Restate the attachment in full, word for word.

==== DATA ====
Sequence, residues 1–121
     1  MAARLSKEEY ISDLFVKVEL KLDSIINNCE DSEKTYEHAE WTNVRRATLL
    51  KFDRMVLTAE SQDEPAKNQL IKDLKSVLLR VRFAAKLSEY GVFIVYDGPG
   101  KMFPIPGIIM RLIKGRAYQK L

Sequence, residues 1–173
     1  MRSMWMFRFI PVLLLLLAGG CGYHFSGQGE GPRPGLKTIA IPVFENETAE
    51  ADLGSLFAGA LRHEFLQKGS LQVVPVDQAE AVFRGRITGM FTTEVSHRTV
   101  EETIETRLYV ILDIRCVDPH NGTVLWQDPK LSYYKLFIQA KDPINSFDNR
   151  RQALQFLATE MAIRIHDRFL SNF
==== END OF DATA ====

Sequence, residues 1–121
     1  MAARLSKEEY ISDLFVKVEL KLDSIINNCE DSEKTYEHAE WTNVRRATLL
    51  KFDRMVLTAE SQDEPAKNQL IKDLKSVLLR VRFAAKLSEY GVFIVYDGPG
   101  KMFPIPGIIM RLIKGRAYQK L

Sequence, residues 1–173
     1  MRSMWMFRFI PVLLLLLAGG CGYHFSGQGE GPRPGLKTIA IPVFENETAE
    51  ADLGSLFAGA LRHEFLQKGS LQVVPVDQAE AVFRGRITGM FTTEVSHRTV
   101  EETIETRLYV ILDIRCVDPH NGTVLWQDPK LSYYKLFIQA KDPINSFDNR
   151  RQALQFLATE MAIRIHDRFL SNF